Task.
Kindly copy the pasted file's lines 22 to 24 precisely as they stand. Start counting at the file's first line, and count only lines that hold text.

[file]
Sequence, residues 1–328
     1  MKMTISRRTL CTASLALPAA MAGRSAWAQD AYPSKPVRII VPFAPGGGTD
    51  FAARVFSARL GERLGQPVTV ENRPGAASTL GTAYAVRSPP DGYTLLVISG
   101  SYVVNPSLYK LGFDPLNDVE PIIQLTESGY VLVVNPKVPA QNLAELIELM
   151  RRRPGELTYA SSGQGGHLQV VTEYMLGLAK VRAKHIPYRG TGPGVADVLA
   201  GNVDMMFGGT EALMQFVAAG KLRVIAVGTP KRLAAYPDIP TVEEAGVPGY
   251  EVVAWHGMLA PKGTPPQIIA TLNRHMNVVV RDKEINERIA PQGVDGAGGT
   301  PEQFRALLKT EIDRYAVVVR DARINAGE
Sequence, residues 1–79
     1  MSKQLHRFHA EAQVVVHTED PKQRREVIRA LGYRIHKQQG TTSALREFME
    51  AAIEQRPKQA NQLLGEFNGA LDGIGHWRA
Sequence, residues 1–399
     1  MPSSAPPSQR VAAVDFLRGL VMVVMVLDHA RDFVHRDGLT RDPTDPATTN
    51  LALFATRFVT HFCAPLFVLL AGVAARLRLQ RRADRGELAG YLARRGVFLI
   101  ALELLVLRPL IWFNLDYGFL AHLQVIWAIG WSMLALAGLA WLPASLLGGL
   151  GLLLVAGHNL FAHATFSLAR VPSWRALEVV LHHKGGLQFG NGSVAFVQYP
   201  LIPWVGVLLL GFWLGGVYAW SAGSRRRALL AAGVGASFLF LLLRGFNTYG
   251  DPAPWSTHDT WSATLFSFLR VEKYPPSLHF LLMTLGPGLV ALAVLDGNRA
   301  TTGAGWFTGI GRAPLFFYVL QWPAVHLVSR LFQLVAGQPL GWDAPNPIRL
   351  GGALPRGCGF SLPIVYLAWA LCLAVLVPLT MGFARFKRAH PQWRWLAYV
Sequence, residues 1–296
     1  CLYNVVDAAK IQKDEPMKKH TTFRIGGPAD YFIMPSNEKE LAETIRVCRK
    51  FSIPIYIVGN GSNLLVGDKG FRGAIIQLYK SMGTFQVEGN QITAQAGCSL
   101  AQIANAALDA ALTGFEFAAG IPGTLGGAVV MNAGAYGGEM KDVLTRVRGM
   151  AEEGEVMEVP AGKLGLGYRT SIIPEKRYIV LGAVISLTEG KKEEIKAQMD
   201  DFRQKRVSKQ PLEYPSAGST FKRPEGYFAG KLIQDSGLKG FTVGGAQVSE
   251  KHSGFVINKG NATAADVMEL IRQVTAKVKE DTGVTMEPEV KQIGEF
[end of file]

     1  CLYNVVDAAK IQKDEPMKKH TTFRIGGPAD YFIMPSNEKE LAETIRVCRK
    51  FSIPIYIVGN GSNLLVGDKG FRGAIIQLYK SMGTFQVEGN QITAQAGCSL
   101  AQIANAALDA ALTGFEFAAG IPGTLGGAVV MNAGAYGGEM KDVLTRVRGM